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Was Steve Jobs Good or Bad for the Mus(ic)?

Last week, I was observing Yom Kippur, along with other members of The Tribe. It’s a time when we not only atone for our sins, but also reflect upon the past year, especially remembering those who’ve left us during that time. Growing up, it was not uncommon to ask if some prominent world leader or captain of industry was good or bad for the Jews. Often, it was a mixed answer. Having contemplated the passing of Steve Jobs on an empty stomach, I have similar mixed feelings about his legacy on the music front while fully appreciating the visionary he was in creating and marketing technology that’s changed our lives.

Let me explain. Try to remember a time before there was iTunes. It was truly the darkest of the dark ages for the music business, especially the recording industry.  There was this relatively new format, MP3, that allowed music files to be compressed so that they could easily and quickly be distributed over the internet. And then there was this thing called Napster that allowed millions of people to download millions of copyrighted musical tracks of their favorite artists – for free! And then there were its progeny like Grokster, Gnutella and Kazaa spreading the gospel of free music.

The labels justifiably cried foul because this “sharing” was really stealing despite the sophistry of Google shills such as Larry Lessig and his ilk. But the labels largely had themselves to blame.  Why? Well, Napster, Grokster, SterSter (ok, I made that one up) and all the others wouldn’t have gained so much traction if the labels had actually listened to their customers who were demanding the availability of their music in this new format. Instead, what did they do? They dragged their feet, locked up the content with “digital rights management” tools or DRM and formed alliances that distributed only some, but not all of the major label’s content and largely locked out the indies. With no really good legitimate download service to cater to this market, the pirates naturally stepped in. The labels spent the next several years wringing their hands, suing their customers and clinging to these label-owned download services, the names of which I don’t even remember anymore.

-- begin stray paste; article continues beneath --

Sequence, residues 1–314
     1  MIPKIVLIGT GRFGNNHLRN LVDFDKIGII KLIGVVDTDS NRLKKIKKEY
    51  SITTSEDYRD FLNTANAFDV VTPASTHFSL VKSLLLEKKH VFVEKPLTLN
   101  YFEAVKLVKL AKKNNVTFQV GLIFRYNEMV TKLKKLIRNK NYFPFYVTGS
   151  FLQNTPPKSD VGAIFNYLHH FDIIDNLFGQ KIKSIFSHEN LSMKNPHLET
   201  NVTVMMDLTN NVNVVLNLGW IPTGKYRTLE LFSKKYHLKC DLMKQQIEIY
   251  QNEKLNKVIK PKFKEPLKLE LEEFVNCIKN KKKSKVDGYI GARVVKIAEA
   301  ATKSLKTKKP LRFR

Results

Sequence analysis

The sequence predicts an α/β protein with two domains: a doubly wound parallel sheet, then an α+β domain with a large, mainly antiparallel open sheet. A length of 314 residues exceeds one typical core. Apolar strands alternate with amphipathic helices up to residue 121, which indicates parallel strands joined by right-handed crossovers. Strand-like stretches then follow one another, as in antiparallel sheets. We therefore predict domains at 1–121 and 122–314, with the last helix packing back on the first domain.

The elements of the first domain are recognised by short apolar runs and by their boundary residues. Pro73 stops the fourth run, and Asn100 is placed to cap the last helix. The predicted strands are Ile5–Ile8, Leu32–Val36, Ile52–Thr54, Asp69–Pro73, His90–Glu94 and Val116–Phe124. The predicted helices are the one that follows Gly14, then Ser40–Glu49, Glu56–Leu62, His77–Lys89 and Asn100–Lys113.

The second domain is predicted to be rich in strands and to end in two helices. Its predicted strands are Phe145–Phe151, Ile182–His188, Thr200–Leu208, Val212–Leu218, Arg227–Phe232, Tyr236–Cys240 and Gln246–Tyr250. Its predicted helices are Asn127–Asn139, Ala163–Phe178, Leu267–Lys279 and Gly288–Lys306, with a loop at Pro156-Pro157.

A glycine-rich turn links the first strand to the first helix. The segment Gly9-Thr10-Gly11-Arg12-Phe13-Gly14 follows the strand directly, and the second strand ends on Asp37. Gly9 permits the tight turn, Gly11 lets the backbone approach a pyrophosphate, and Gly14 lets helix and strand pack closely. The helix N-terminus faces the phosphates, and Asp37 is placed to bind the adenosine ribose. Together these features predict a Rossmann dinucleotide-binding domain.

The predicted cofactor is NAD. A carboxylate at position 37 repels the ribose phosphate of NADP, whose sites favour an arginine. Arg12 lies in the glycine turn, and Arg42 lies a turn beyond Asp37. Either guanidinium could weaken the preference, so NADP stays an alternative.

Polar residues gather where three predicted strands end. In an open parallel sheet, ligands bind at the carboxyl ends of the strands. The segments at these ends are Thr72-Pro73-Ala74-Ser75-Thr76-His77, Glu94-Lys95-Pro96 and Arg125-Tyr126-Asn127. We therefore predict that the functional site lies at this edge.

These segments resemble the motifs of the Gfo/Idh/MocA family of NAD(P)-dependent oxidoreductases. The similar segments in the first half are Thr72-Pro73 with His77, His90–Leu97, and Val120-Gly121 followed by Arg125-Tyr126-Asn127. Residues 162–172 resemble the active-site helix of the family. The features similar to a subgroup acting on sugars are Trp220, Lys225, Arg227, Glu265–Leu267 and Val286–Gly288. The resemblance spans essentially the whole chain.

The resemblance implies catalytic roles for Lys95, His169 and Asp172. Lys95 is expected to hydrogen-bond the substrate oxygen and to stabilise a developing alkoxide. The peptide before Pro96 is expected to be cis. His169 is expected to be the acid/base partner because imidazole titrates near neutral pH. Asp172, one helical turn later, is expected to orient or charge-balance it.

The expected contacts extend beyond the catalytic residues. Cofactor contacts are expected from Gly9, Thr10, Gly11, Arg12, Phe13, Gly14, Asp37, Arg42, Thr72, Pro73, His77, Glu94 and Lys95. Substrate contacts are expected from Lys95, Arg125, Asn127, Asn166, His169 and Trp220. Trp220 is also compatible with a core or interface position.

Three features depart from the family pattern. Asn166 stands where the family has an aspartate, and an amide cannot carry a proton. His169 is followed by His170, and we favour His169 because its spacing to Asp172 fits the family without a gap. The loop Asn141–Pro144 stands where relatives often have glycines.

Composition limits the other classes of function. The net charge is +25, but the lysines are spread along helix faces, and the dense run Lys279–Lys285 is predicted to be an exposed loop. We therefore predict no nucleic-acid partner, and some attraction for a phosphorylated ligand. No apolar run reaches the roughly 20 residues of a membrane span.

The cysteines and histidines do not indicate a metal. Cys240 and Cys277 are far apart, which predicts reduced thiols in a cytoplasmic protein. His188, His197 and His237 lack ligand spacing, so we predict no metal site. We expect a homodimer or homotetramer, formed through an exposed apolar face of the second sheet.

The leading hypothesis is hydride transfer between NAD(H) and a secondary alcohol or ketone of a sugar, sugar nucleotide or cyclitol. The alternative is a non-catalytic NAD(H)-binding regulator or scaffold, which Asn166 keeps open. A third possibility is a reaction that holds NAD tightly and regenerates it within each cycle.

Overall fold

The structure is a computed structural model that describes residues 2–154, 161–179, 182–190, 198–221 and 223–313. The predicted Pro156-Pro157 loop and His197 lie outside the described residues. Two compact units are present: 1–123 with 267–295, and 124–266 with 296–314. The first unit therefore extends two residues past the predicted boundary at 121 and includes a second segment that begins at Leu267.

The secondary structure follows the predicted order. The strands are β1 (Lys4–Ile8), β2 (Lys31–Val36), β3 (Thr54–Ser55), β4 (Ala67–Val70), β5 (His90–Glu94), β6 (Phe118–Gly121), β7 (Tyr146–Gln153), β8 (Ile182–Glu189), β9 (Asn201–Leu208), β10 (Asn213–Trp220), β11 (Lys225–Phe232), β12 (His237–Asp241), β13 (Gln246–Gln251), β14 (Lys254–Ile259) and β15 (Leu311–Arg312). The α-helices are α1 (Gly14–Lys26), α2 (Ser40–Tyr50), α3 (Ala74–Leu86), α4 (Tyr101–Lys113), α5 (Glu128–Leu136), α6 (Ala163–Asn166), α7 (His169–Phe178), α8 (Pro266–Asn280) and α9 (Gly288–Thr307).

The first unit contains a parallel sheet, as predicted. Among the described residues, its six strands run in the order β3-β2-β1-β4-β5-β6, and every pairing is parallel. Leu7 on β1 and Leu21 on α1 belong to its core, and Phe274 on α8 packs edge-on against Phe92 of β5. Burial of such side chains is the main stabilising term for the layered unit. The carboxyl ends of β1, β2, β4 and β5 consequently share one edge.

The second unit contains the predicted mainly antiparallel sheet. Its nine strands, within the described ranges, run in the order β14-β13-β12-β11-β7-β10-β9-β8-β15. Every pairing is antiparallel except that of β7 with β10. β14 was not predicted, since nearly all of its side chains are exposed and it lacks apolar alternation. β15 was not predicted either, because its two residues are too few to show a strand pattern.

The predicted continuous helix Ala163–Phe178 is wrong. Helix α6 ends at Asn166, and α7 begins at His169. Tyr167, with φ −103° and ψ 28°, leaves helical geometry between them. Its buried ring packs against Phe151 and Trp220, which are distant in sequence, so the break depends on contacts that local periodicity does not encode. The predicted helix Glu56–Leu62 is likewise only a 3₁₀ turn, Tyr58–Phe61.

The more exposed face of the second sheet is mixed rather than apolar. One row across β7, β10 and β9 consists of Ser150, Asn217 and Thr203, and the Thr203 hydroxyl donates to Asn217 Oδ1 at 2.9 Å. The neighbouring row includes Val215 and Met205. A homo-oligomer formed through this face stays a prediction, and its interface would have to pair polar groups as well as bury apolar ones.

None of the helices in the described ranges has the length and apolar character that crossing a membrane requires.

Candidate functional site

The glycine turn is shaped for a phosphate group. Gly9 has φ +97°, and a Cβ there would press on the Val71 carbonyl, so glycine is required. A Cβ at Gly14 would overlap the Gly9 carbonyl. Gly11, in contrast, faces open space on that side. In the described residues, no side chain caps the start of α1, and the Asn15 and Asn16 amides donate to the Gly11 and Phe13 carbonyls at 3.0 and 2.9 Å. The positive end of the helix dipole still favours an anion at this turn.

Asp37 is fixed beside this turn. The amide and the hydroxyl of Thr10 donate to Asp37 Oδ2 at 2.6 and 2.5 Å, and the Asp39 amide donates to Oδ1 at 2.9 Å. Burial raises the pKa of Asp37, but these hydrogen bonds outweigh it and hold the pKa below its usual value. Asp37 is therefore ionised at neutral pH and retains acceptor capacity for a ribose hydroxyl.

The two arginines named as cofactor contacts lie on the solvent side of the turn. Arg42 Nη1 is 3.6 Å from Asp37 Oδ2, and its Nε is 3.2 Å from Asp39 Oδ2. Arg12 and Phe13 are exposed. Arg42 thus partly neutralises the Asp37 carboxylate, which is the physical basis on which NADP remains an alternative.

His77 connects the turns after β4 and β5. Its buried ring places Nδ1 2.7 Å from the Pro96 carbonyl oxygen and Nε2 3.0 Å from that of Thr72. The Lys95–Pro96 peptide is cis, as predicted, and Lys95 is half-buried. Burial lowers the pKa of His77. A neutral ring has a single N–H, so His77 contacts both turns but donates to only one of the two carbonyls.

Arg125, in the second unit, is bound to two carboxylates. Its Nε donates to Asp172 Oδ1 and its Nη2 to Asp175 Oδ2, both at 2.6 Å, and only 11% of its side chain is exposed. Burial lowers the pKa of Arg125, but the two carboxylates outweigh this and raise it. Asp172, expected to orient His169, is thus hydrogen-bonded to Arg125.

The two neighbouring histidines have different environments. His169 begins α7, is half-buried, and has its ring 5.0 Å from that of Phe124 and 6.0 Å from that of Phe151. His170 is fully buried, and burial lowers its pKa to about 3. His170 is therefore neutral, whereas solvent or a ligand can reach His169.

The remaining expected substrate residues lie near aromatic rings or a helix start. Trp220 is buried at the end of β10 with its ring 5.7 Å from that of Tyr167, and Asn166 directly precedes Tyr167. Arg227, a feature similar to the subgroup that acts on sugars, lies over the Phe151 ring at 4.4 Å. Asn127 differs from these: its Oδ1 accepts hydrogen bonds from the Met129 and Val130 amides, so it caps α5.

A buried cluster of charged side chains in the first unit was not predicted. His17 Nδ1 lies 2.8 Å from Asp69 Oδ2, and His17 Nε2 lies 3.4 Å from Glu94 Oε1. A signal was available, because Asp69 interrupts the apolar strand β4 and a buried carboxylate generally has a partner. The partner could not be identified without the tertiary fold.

Enter Steve Jobs. He created this thing called the iPod. Perhaps you’ve heard of it. Anyway, Apple’s goal wasn’t to sell music but to sell lots and lots of iPods – which they did. But they needed the music to be legitimately available for people to put on their iPods. So he created iTunes. Yes, it took someone outside of the record industry to finally create a viable, legitimate download service and to get the labels  on board. And while some naysayers in the industry said you couldn’t compete with free, others of us who drink bottled water (I suspect Steve Jobs did, too) maintained you can compete with free based upon quality and service. And he was right. And, at least some people started paying for music again. And it was good.

So what’s wrong with this picture? Well, nothing that time and a little market evolution can’t fix. Remember, Jobs’ goal was to sell iPods, not music. So he priced the downloads cheaply and at a one-size-fits-all price point of 99 cents. And as someone who has been – and soon will be again – a music publisher, he created a pass-through so that iTunes only got permission from the labels. The music publishers who represent the songs that are recorded by the labels and the songwriters who create them didn’t get paid by iTunes but had to rely on the labels to account for their share. OK, the music publishers were a little groggy when this was going down and didn’t protect their turf as well as they could have. Why is this bad? Well, record labels have occasionally been known to employ some creative accounting practices when it comes to paying artists and publishers. But these things can and will be addressed and fixed.

The larger issue is a cultural one. Awhile back a colleague of mine and I were musing about the business over single malt scotch. He’s a few years older than me and told of how appliance stores used to throw in a free box of Tide (remember powdered laundry detergent?) with every washer. Like Steve Jobs, all the appliance store cared about was selling the hardware. My friend said that music has become like the box of Tide. Not an article of value in and of itself, but merely the ancillary content to be run on the hardware. While it’s great that people are paying for this “content”, treating music as a fungible commodity ultimately devalues it and the craft and artistry of those that create it. That’s why I feel Steve Jobs’ legacy in the music business is mostly – but not completely – a positive one. At least not yet.